Possibly even more interesting is the idea of EMR and health IT supporting public health emergencies. We’re just beginning to aggregate health data from EMR software that could help us identify and mitigate the impact of a public health emergency. Certainly none of these systems are going to be perfect. Many of these systems are going to miss things we wish they’d seen. However, there’s real potential benefit in them helping is identify public health emergencies before they become catastrophes.

Enables discovery in new medical breakthroughs and provides a platform for innovation. Most of the medical breakthroughs we’ve experienced in the last 20 years would likely have been impossible without technology. Plus, I don’t think we’ve even started to tap the power that could be available from the mounds of healthcare data that we have available to us. This is why I’m so excited about the Health.Data.Gov health data sharing program that Priya wrote about on EMR and EHR. There’s so many more medical discoveries that will be facilitated by healthcare data.

There you have it. What do you think of these 9 items? Are there other things that you see happening that will impact the above items? Are there trends that we should be watching in health IT in 2012?

Be sure to read the rest of my Health IT Top 10 as they’re posted.

Does EHR Choice Matter for ACO’s?

Posted on November 22, 2011 I Written By

John Lynn is the Founder of the HealthcareScene.com blog network which currently consists of 10 blogs containing over 8000 articles with John having written over 4000 of the articles himself. These EMR and Healthcare IT related articles have been viewed over 16 million times. John also manages Healthcare IT Central and Healthcare IT Today, the leading career Health IT job board and blog. John is co-founder of InfluentialNetworks.com and Physia.com. John is highly involved in social media, and in addition to his blogs can also be found on Twitter: @techguy and @ehrandhit and LinkedIn.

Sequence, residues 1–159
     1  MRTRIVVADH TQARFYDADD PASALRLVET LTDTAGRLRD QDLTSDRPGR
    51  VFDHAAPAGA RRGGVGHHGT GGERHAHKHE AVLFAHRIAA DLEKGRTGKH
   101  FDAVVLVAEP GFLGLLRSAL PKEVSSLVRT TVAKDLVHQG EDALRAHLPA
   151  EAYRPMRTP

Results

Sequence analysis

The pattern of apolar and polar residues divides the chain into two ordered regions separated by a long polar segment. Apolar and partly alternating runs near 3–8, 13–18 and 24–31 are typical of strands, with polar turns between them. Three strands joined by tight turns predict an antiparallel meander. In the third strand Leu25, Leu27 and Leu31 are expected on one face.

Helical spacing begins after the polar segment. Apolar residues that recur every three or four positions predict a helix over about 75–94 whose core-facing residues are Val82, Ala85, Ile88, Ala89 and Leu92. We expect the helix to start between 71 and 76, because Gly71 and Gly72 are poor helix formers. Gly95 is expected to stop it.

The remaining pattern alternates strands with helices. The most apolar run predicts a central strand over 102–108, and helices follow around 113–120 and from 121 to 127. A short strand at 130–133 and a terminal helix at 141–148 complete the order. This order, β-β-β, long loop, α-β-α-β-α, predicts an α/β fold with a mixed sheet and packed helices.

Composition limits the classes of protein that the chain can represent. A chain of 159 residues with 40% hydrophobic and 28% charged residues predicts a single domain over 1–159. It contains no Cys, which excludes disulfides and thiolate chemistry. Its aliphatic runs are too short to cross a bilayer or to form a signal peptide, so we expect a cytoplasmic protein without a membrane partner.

There’s a really interesting article on Nextgov that talks about a CSC report that looks at the role of health IT and EHR software in Accountable Care Organizations (ACOs). The most valuable part of the article is this list of items that an EHR must enable or allow to support an ACO:

  • Clinical information and point-of-care automation, with integrated ambulatory and inpatient records and a central repository for clinical data.
  • Enterprise master data management and integration, with a population management repository, a master person index and a master provider index.
  • Tools to enable participation in a health information exchange.
  • Patient engagement tools, including secure messaging, e-visits and tele-visits, social media, patient portals and mobile health applications.
  • Care management and coordination tools, including referral and request tracking, provider-to-provider communication, medication reconciliation and case- and disease-management applications.
  • Performance management tools, including integrated business and clinical intelligence and analytics.

To be honest, as I look through this list of EHR items, I can’t say that any of them really stick out to me as impossible for any EHR to achieve. In fact, I’d say that they’re quite achievable by almost all EHR software vendors.

The only partial fear I have reading through the list is that some of the points depend on an EHR vendor working with other EHR software vendors. In most of the cases, these are large hospital EHR vendors that have often worked in very closed environments.

The reason this is a cause for concern is that even the best EHR software in the world won’t be an effective ACO and won’t meet the above requirements if the large EHR software vendors don’t work with them to connect their system.

Maybe this isn’t something we should be too concerned about since the hospital client will be motivated to get their EHR vendor to work with the other even small EHR vendors in order to make the ACO happen and get access to the extra reimbursement. However, my gut tells me that this won’t be the case and there will be stories where EHR software is basically shut out of the ACO based on the large EHR vendors decision to not work with them.